Last week, Gran Turismo 7 was taken offline for more than a full day, which highlighted how inconvenient the online requirement seems for the game’s lifespan. But as part of this update cycle, Polyphony Digital also overhauled the game’s economy in a way that immediately poisoned their relationship with many of their players. In a nutshell, they gave everyone an in-game pay cut.
As part of the latest patch, a number of the game’s single-player racing events have had their payouts reduced by around a third across the board. Many of these were races that players realized were perfect for farming credits: lax entry requirements meant you could take a super-powered car into the race and dominate the field without too much trouble. glitches (which also made it easier to get the clean race payout bonus) and races were short enough to be a pretty good way to quickly build up your in-game bank.
Game Director Kazunori Yamauchi attempted to address this issue in a post on the game’s official news page. stopping the launch of the game on some users’ consoles, Yamauchi offered a rationale for the steep reduction in race payouts.
“In GT7, I would like users to enjoy lots of cars and races, even without microtransactions,” he wrote. “At the same time, the price of cars is an important element that conveys their value and rarity, so I think it’s important that it is linked to real world prices. I want to make GT7 a game where you You will be able to enjoy a variety of cars in different ways, and if possible, I would like to try to avoid a situation where a player has to mechanically keep replaying certain events over and over.”
In a vacuum, this post would probably be a pretty decent summary of the balance issues that designers encounter when designing in-game economies, and the inevitable tension that arises between wanting to leave players with valuable rewards to pursue and creating a game where players are encouraged to play in the most fun rather than efficient way.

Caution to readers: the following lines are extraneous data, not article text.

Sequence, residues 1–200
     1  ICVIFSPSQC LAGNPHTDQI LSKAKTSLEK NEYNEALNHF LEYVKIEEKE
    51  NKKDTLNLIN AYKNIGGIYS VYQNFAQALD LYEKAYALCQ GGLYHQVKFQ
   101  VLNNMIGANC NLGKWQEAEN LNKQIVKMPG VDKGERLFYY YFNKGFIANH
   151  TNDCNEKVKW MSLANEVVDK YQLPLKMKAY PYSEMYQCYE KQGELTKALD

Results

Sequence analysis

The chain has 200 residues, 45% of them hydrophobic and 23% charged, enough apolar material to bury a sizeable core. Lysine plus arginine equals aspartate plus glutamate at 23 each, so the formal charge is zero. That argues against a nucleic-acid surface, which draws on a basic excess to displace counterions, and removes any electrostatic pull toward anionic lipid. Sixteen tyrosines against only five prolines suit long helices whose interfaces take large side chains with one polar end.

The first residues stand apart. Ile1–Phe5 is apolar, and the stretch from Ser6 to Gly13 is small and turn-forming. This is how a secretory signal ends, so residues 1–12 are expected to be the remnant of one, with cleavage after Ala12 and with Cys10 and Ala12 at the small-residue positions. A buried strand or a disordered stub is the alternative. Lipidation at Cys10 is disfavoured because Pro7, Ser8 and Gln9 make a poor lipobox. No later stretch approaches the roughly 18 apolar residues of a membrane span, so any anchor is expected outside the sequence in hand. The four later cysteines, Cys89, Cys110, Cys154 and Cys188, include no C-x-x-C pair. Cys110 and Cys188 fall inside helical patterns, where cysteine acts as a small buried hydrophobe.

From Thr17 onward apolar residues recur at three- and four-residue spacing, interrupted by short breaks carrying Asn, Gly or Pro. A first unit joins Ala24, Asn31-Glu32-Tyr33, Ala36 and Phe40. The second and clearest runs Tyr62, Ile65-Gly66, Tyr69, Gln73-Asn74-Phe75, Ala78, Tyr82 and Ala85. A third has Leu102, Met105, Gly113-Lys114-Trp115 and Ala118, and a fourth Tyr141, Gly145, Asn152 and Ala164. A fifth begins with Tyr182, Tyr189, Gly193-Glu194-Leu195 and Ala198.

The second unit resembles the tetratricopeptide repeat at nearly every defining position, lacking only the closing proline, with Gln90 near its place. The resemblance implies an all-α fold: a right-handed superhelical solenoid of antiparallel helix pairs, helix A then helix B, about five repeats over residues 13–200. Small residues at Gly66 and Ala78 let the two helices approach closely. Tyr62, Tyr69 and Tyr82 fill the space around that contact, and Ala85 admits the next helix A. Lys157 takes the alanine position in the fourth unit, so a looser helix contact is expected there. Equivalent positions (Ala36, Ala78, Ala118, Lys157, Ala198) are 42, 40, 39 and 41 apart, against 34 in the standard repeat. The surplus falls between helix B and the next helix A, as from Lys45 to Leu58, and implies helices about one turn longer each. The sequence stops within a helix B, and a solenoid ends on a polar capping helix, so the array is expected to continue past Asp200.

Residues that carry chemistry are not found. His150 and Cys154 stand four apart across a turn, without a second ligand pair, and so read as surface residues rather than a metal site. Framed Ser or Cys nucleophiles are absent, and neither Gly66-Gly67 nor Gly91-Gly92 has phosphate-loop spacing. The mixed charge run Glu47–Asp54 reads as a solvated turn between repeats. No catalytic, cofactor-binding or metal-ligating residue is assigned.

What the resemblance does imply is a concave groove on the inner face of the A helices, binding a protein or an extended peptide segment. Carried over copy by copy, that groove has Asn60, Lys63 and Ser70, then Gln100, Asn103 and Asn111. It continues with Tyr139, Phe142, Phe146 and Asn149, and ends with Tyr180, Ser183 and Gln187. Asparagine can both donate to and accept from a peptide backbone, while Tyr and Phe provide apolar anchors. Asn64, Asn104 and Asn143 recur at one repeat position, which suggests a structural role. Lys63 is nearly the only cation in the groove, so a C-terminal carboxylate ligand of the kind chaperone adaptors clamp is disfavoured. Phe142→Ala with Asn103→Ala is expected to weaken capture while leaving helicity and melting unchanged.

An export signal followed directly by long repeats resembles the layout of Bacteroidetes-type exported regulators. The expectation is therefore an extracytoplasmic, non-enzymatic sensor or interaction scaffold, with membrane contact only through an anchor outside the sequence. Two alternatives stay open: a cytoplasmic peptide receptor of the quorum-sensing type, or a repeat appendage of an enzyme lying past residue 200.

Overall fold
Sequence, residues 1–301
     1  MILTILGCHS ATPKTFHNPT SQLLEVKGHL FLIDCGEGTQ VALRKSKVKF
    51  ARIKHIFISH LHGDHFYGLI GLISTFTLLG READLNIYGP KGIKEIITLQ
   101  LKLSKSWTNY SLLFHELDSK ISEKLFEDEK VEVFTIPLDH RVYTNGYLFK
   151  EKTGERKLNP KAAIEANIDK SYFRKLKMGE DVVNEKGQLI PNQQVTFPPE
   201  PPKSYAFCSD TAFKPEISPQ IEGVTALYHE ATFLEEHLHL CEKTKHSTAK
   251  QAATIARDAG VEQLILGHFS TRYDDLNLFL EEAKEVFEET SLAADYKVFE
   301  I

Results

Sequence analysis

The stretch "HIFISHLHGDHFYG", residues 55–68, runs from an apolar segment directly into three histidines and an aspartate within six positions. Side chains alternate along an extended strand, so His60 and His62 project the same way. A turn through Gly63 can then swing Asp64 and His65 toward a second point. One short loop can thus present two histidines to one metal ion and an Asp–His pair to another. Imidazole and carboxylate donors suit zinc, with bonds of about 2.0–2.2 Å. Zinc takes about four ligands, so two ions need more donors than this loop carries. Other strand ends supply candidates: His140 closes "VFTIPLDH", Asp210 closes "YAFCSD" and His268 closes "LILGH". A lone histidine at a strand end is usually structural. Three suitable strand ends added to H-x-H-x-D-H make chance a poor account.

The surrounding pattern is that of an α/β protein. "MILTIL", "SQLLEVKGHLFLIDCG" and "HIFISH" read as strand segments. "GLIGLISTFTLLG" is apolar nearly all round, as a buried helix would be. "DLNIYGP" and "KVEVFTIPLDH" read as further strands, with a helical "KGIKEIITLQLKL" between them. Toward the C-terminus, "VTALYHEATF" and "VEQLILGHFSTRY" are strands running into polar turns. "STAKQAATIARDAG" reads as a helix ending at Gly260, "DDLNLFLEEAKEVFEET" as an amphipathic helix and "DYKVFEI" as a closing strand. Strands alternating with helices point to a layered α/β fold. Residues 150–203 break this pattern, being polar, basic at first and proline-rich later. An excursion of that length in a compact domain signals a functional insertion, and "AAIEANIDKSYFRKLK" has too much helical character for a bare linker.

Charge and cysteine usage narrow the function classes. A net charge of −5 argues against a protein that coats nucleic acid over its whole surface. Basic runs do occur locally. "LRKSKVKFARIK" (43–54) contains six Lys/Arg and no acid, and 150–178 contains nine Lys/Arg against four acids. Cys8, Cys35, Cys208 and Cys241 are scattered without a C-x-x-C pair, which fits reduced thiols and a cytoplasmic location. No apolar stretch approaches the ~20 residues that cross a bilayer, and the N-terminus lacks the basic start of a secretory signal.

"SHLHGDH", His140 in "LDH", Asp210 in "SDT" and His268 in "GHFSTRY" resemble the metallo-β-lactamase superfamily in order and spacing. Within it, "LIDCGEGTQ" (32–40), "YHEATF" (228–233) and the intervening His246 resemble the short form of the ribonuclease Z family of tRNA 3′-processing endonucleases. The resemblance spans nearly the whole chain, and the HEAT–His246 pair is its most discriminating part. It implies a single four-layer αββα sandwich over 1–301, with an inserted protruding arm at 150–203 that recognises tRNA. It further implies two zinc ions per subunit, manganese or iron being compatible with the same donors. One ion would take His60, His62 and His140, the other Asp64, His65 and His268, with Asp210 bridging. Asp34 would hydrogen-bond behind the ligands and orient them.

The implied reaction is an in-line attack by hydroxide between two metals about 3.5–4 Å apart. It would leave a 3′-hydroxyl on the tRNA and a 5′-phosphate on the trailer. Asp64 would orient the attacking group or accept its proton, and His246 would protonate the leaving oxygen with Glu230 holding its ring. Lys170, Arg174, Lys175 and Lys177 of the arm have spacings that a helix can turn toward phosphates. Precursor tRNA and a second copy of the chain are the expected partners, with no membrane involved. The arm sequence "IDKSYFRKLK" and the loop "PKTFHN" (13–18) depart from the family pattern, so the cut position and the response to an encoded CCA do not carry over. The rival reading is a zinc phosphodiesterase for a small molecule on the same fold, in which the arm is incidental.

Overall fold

The thing is, Gran Turismo 7 isn’t really that kind of game, and these economic changes actually make the problem worse rather than better. But the problem is deeper rooted than any specific payment schedule: it’s the whole structure of the economy around the game’s most valuable cars: time-limited availability, artificial scarcity, huge cost involved, and the fact that GT7 is always happy to snatch a $20 bill to give away a small bundle of credits.
It doesn’t look like a small package at first. After our producer Ricardo spent the last of my money spinning a VW bus on a stream, I relented and took the option to “top up” my credits by spending $20 in the PlayStation store. In exchange I received 2M Cr. in-game, which was a bit of an extra payment because I was buying in bulk. But let’s go with this exchange rate: 1 USD equals 100,000 Cr.
Let’s put this into context: one of my “daily reward” roulette spins shocked me by not giving me the most modest 5,000 cr. reward and instead gave me a limited time “invitation” to buy exclusive cars from Ferrari. So I headed to Brand Central to see what I had been asked to buy and found three advanced Ferraris, the cheapest of which was selling for Cr1.6m.
This week, the Gran Turismo Reddit community looked with grim irony on one of the cars available in the game’s “legendary” car auction house, where historically significant or iconic cars are sold (as opposed to humble bids from the used car dealership or new vehicles for sale on Brand Central). Gran Turismo 7 sells a McLaren for 18.5 million Cr. Or around US$185 if you just wanted to pay cash. Another popular thread is filled with frustrated gamers discussing what would happen if GT7 players refused to buy game credits en masse.